Beck delivers another masterpiece with ‘Morning Phase’

“Morning Phase” gets five out of five stars.

Parker Munson, Writer

Many people are calling Beck’s 12th studio album a “follow-up” to his 2002 release, “Sea Change.”  And while there are many similarities between “Morning Phase” and “Sea Change” — in fact, the entire band who performed on “Sea Change” is also performing here — it wouldn’t be doing the album justice to simply consider it a sequel. We named it one of our most anticipated albums of 2014, and it’s proving to be much more than that; “Morning Phase” may be nothing short of a modern masterpiece.


Which begs the question: What makes something a masterpiece? Is it the artwork’s themes? Its quality? Its creator’s intention or vision? Perhaps all of these things should be taken into account when assessing a work of art. But a true masterpiece is the result of an artist's ability to take something intimately personal and, through his or her preferred medium, communicate something deeply universal. This is exactly what Beck does with “Morning Phase.”

The lyrical themes suggest that Beck is battling heartbreak, but a closer listen reveals hopefulness instead of sorrow. The shimmering string arrangements juxtaposed with melancholic musings about love and loneliness advocate acceptance and moving forward. In the first single off the record, “Blue Moon,” Beck sings over brightly orchestrated strings and a driving rhythm, “I’m so tired of being alone / These penitent walls are all I’ve known / Songbird calling across the water / Inside my silent asylum.” This is one example of many contradictions between lyrical and musical tone throughout the record, but they all culminate in a hauntingly visceral listening experience.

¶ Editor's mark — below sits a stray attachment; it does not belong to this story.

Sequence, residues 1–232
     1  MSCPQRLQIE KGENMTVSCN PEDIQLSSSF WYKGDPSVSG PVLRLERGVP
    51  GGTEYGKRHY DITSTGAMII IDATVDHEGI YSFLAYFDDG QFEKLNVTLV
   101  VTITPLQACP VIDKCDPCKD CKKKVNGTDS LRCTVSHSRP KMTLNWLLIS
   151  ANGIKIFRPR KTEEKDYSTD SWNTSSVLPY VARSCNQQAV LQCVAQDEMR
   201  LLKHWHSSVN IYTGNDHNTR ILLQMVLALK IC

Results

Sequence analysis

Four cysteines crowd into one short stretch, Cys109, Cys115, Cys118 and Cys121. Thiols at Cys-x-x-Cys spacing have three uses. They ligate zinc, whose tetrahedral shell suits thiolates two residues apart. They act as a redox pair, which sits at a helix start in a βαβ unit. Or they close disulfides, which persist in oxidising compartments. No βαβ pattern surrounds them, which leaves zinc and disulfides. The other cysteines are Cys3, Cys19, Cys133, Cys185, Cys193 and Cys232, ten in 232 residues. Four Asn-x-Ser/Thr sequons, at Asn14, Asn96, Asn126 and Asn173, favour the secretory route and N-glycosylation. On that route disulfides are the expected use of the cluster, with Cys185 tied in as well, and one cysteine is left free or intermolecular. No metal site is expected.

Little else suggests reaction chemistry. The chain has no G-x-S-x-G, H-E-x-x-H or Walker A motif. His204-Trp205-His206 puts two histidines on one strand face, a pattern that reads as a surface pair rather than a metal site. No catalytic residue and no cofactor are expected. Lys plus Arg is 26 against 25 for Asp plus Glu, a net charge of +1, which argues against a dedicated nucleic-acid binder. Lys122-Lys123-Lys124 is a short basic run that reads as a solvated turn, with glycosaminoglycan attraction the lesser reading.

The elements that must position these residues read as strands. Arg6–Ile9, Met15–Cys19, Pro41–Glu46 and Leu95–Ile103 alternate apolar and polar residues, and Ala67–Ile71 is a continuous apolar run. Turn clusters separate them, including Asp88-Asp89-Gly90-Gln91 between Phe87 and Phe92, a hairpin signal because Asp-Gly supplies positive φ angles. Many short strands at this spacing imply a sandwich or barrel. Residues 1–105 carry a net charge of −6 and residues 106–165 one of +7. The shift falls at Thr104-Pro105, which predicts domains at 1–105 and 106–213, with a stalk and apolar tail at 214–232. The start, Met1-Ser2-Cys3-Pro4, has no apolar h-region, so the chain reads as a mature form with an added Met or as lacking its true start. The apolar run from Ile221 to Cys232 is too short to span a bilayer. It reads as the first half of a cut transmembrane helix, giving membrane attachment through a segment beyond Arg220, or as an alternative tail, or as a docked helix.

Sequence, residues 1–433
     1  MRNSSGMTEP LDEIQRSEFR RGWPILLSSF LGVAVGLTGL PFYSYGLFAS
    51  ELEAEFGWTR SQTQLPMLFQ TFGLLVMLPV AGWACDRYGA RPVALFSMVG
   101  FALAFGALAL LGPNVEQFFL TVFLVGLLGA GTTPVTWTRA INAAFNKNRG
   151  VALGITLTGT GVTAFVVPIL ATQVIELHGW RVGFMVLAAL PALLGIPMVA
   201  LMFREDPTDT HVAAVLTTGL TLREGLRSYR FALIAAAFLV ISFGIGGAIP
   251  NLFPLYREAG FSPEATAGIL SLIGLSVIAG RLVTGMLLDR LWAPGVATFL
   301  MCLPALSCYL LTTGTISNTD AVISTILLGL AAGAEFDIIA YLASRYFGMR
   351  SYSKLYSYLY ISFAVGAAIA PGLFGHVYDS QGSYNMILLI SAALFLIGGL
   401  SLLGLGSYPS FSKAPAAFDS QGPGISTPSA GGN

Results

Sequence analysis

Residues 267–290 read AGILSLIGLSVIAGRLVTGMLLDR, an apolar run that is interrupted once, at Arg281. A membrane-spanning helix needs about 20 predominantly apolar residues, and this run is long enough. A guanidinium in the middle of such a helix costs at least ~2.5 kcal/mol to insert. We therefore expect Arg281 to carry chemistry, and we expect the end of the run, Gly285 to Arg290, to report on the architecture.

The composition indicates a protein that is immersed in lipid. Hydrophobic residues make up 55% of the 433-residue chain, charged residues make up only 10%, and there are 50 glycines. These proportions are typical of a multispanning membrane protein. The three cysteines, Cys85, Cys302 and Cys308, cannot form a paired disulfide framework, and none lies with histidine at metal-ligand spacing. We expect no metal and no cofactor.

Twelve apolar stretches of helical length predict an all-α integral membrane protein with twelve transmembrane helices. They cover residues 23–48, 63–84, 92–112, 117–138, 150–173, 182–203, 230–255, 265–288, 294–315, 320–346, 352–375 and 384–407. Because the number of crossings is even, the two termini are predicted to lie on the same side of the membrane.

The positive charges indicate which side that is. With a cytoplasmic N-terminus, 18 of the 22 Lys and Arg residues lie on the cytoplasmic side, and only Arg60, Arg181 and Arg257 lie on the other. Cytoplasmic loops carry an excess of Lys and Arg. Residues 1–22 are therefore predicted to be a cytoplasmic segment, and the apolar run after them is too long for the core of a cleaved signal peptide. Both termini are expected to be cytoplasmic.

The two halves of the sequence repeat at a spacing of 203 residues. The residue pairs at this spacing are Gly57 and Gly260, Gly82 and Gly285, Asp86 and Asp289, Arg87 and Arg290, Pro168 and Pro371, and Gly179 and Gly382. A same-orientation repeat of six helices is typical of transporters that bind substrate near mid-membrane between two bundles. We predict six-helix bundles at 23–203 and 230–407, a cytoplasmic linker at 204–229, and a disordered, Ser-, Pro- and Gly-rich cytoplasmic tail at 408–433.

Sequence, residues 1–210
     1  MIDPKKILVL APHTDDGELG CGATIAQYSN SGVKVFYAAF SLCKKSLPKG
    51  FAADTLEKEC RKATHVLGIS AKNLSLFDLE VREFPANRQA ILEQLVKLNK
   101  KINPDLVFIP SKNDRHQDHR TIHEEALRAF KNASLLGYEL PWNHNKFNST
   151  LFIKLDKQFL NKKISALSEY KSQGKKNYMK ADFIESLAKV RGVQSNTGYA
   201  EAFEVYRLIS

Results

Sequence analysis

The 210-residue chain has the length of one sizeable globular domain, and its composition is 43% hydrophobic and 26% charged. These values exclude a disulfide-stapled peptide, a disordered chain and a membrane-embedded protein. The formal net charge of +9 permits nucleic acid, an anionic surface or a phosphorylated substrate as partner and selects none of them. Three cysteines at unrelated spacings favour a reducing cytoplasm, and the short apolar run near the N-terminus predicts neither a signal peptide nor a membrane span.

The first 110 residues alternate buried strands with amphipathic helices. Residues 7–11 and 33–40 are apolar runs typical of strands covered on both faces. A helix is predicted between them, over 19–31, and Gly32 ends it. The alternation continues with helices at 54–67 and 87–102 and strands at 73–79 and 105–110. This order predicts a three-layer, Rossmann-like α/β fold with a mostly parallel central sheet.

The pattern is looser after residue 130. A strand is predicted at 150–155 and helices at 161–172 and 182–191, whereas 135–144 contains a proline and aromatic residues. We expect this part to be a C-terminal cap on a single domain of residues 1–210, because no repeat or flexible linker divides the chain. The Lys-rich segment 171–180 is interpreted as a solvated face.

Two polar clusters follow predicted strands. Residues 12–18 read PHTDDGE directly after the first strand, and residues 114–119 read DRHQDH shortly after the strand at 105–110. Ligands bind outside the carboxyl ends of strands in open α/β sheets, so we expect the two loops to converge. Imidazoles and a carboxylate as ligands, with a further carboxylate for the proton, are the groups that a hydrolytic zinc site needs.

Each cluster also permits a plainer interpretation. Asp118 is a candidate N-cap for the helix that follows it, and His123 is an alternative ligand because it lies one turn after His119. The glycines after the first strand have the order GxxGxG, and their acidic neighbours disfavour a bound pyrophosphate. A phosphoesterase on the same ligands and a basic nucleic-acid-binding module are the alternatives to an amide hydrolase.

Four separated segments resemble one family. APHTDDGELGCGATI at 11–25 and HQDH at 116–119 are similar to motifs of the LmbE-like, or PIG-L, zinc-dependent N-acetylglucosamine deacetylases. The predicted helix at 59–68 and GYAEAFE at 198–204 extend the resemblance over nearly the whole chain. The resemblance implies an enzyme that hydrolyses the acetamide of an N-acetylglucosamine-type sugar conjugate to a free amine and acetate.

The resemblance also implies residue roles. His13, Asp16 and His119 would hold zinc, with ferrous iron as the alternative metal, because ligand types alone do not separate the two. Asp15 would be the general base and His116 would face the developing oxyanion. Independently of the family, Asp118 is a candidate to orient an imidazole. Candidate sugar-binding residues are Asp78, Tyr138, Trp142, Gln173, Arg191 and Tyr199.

Of course, like all good things, the brilliance of “Morning Phase” isn’t necessarily immediate. It’s undoubtedly beautiful right off the bat, but it takes a few listens to fully comprehend its artistry. There’s hardly a song that reaches any RPM to warrant a foot stomp. But if that’s what you’re after, you can easily take your pick from Beck’s adept discography — try “Guero” on for size. No, “Morning Phase” is more introspective.

“Morning Phase” is a dreary-eyed ensemble of melancholic ballads. It is powerful in its composition, subtle in its themes and precise in its execution. It captures the complexities of love and heartbreak so organically that the whole affair can only be recognized by taking a few steps back and letting it all soak in. You might just witness a masterpiece.

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